An Analysis Of Social Psychology

1190 words - 5 pages

An Analysis of Social Psychology

People have been curious since the dawn of time and this curiosity has driven us to learn from and to understand the world around us. In order to fully understand our world, it was necessary for people to develop a method of study to explain what they experienced through the application of evaluation and analysis. Social psychology is the study of how people’s thoughts, feelings, and behaviors are influenced by other people (Kenrick, Neuberg & Cialdini, 2010). Social psychology is a division of psychology that analyzes the individual and their mental processes and how this can be applied to that persons interactions with society and also how ...view middle of the document...

According to research by Kenrick et al (2010), “social psychological theories have been influenced by intellectual developments ranging from the discovery of DNA to the emergence of artificial intelligence.” Due to the broad array of disciplines that social psychology can be applied to, there are different perspectives, or families of theories that have emerged. These are, sociocultural, evolutionary, social learning, and social cognitive (Kenrick et al. 2010). Each of these perspectives attempts to explain or categorize human interactions from slightly different viewpoints.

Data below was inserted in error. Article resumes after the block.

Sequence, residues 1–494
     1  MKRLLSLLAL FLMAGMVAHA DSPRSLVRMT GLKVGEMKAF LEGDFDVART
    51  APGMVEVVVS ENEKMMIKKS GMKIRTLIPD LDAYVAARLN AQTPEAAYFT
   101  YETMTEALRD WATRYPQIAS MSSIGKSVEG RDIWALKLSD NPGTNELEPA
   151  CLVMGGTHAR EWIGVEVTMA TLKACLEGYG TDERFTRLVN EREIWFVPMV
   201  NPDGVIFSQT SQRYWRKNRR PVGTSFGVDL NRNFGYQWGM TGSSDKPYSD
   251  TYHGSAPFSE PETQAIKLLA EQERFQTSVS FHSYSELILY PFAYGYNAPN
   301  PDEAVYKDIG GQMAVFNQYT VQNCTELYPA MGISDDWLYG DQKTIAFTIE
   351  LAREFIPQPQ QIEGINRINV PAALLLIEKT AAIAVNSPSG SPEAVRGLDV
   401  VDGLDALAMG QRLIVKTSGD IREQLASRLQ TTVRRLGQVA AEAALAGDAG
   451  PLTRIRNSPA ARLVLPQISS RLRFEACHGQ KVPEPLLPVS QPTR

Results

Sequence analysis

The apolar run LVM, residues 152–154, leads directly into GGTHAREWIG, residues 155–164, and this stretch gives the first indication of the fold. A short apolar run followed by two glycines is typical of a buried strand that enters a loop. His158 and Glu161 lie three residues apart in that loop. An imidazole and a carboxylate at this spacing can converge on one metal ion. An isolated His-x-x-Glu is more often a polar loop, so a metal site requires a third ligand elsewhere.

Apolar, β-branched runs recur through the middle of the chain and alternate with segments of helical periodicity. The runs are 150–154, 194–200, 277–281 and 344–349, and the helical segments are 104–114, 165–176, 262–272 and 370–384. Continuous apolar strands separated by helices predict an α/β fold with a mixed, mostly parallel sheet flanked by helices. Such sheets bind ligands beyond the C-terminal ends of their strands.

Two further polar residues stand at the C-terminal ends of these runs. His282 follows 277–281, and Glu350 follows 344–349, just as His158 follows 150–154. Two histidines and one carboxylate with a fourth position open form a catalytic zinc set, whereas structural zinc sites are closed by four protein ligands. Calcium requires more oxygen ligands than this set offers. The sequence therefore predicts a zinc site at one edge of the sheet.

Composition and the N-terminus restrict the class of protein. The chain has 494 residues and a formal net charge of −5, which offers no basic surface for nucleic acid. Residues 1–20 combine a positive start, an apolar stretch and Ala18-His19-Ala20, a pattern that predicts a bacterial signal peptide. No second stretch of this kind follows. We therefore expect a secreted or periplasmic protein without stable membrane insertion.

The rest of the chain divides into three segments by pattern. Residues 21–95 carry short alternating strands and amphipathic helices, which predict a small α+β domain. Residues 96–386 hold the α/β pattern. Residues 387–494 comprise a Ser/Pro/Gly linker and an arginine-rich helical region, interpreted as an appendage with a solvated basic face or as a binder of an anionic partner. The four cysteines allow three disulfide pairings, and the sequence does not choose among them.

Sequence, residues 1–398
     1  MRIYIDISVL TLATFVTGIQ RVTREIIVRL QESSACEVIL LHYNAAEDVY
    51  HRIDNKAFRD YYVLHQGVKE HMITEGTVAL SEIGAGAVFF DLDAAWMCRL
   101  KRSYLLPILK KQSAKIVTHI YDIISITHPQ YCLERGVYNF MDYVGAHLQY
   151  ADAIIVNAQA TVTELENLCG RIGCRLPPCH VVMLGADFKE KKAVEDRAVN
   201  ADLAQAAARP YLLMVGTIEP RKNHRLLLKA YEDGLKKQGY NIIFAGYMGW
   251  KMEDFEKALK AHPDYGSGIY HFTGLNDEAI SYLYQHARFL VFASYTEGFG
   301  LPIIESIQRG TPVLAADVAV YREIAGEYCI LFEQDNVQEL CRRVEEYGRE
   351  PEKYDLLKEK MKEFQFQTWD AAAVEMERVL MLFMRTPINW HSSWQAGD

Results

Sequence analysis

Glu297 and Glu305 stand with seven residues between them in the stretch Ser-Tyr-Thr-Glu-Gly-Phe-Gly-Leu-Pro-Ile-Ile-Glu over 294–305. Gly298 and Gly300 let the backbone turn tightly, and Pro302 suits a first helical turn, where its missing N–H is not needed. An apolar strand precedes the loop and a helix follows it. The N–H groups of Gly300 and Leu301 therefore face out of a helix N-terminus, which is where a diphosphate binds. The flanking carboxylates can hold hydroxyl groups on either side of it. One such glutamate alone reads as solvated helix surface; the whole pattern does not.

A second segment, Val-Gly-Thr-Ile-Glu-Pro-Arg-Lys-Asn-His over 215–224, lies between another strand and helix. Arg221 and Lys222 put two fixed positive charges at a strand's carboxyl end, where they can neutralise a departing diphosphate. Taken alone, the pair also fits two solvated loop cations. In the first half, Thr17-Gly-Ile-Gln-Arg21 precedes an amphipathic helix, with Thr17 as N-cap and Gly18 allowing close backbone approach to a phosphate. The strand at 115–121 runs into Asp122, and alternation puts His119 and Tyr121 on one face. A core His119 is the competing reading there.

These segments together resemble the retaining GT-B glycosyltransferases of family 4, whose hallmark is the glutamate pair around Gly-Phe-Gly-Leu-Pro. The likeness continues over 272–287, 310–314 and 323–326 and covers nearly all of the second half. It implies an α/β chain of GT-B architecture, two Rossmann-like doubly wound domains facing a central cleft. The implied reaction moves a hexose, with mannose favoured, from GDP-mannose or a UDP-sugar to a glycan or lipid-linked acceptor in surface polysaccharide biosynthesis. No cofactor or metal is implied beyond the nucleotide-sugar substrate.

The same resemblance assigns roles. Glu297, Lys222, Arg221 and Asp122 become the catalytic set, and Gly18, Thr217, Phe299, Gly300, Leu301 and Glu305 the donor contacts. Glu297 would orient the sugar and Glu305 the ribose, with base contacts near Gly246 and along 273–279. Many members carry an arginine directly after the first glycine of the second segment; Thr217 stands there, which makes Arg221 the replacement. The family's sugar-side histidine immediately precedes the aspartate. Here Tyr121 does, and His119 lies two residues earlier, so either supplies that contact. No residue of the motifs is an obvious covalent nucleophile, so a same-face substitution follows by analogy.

In 1908, sociologist Edward Alsworth Ross wrote one of the first psychology textbooks, in which he stated that he viewed the source of social behaviors as originating from the social group as opposed to the individual (Kenrick et al. 2010). This became known as the sociocultural perspective or the view that the group an individual is associated with has the ability to influence the preferences and desires of that individual. This perspective helps to explain the tendency for people who get caught up the actions of large groups, or the mob mentality and also helps to explain the rational that people have for joining gangs in order to feel a sense of belonging. Sociocultural psychology focuses on social norms and the concept of culture and how they influence the perception of right and wrong. Culture, or the beliefs, customs, habits and language shared by the people living in a particular time and place (Kenrick et al. 2010) has a profound influence on the actions and desires of the individual and consequently, when someone is confronted with a culture that they are not familiar with the sociocultural perspective can help to explain the reasons for these differences and help people understand them.
William McDougall, who was trained in biology, wrote the second social psychology text book in 1908 and focused on the view that “human social behaviors are rooted in physical and psychological predispositions that helped our ancestors survive and reproduce” (Kenrick et al. 2010). This view became known as the evolutionary perspective. This perspective attempts to explain human behavior from the point of view that human social behaviors are the byproduct of natural selection and learned experiences. At one time, evolution was thought to only produce inflexible instincts that were unchangeable, but we now understand that the environment has a huge influence on how those instincts are displayed. For example, wild animals learn to hunt and behave as wild animals, but when those same animals are raised in captivity they lose some of those instinct that allow them to be successful in the wild. The evolutionary perspective also helps to explain the reasons that some people are fearful of...

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